Nowruz or Persian New Year:
Nowruz means “new day” in Farsi and it’s a celebration of the changing season from winter to spring and the renewal of life that comes with it. The festival has been celebrated for thousands of years in the region and continues to be observed by Persian and Central Asian communities around the world. Iraq, India, Afghanistan, Tajikistan, Uzbekistan, Azerbaijan, Kazakhstan, and Kyrgyzstan are some of the countries where the festival is hugely popular. It is declared as an official International observance by the United Nations because it promotes peace and solidarity.
Kookoo Sabzi – an omelette or a frittata?
All kinds of sweets, pastries, nuts and sherbets are served during Nowruz. One of the traditional dishes served on Nowruz is Kookoo Sabzi, a herbed egg dish. It is not just flavoured with herbs like any other omelette or frittata but is actually made of more leafy greens and less eggs. In cooking method it is closer to a frittata that sets like a cake and can be cut into slices. Parsley, chives, coriander, dill, spinach, lettuce and fenugreek leaves give it a tinted deep green. This dish is usually made for the Nowruz picnics, when families spend a day outside enjoying the warmth of Spring air.
Kookoo Sabzi Variations:
The classic version is made with lots of dill, cilantro, parsley and chives but you can play with available greens to make your kookoo rich and vibrant. I make mine with home-grown spinach, spring onions and coriander. Also sometimes add whatever other greens are in the vegetable box – beets greens, daikon leaves, fenugreek, etc. Other than greens, potato and eggplant versions of kookoo are also common. Addition of barberries is also common, along with walnuts. If you can’t find barberries, you can add cranberries or pomegranate seeds for a touch of sour.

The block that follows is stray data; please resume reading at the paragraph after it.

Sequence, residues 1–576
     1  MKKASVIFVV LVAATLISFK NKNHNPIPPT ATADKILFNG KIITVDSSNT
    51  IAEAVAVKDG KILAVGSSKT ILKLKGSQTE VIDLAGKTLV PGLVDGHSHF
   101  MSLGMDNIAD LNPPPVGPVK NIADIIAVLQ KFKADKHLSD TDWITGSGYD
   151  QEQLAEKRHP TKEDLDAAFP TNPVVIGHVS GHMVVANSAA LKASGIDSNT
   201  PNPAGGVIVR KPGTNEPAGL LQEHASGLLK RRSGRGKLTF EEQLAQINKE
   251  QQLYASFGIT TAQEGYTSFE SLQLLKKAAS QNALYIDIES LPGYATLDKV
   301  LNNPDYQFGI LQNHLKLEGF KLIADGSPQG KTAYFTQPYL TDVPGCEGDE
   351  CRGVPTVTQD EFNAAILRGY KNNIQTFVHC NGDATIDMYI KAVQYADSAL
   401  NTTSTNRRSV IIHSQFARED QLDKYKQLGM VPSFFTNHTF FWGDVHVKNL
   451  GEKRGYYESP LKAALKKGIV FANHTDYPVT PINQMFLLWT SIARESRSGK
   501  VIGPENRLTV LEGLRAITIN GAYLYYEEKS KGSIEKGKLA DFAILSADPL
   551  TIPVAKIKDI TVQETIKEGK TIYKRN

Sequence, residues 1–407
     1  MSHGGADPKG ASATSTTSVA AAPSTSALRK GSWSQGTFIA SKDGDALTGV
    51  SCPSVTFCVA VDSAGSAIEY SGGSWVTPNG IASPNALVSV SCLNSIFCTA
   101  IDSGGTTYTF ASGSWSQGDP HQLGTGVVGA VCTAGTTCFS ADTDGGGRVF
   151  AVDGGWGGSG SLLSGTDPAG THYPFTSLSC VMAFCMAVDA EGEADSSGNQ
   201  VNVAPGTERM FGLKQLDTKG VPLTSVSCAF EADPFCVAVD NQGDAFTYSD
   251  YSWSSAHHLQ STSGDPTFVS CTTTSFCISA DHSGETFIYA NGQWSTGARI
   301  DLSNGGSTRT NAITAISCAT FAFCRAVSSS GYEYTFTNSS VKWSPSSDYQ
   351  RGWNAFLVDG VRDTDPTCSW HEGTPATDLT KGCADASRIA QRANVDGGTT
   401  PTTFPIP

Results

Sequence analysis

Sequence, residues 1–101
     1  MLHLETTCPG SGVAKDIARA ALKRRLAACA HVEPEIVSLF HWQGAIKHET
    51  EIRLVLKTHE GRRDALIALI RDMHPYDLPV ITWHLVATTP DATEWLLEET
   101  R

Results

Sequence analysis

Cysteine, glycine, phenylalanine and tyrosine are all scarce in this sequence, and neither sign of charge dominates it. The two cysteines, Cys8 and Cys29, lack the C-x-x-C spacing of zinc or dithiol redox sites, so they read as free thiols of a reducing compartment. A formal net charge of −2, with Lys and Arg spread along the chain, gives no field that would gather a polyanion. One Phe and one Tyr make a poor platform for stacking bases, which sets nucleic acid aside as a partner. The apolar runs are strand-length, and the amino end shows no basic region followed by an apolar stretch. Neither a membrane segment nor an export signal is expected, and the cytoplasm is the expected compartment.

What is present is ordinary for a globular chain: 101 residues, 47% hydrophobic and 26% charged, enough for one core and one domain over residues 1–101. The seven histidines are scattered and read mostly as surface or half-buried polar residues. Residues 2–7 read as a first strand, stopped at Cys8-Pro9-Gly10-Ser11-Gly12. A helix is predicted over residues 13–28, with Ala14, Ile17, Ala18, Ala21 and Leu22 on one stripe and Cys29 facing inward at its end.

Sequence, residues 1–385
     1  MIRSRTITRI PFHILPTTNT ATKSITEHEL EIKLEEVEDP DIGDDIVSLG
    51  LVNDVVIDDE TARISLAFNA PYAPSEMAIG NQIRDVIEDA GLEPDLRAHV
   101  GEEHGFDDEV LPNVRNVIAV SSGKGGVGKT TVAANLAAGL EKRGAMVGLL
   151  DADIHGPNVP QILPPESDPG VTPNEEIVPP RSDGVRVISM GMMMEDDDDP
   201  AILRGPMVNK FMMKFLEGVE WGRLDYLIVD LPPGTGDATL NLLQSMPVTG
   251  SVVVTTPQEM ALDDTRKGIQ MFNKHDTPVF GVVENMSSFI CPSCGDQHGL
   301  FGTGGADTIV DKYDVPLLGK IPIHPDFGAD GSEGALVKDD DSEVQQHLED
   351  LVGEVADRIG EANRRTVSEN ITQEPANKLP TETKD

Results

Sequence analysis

Power-packed for the Health Conscious:
Eggs and greens in this simple but delicious omelette highlight the theme of renewal and birth associated with this festival and spring season. It’s different from other omelettes in this respect that the dominant taste here is that of herbs, eggs are added only to hold the herbs together. It’s mildly seasoned with salt, turmeric and black pepper. Served with some yogurt and pickled vegetables, it makes a very healthy and delicious meal for weight watchers. To make it more festive you can garnish it with some walnuts, pomegranate seeds and raisins.
For Kookoo Sabzi, Persian Herbed Frittata Recipe :
1 bunch spinach leaves, 2 cups chopped
1 bunch coriander leaves, 2 cups chopped
2 stalks spring onion, chopped
A handful fenugreek leaves, almost 1/2 a cup
A pinch turmeric
Salt to taste
Black pepper to taste
2 tablespoons butter or olive oil
4 eggs beaten
Barberries, cranberries or pomegranate seeds, 1/2 cup
Walnuts, 1/2 cup (optional)
This Is What You Do :
Heat butter or oil in a nonstick, medium frying pan.
Add the chopped greens, turmeric and half of barberries or pomegranate seeds (if adding any). Sauté for a while till the greens are somewhat soft.
Season the eggs with salt and pepper. Beat to mix thoroughly.
Reduce heat to low.
Pour eggs over the greens. Cover the pan and let them cook till kookoo sabzi sets like a frittata and is firm to touch.
Flip to brown the top or put in the oven for a few minutes.
Garnish with remaining berries/pomegranate seeds and walnuts.
Serve warm or room temperature with pickled vegetables, plain yogurt, bread of your choice or rice.
Serves 2 as main, 4 as side dish.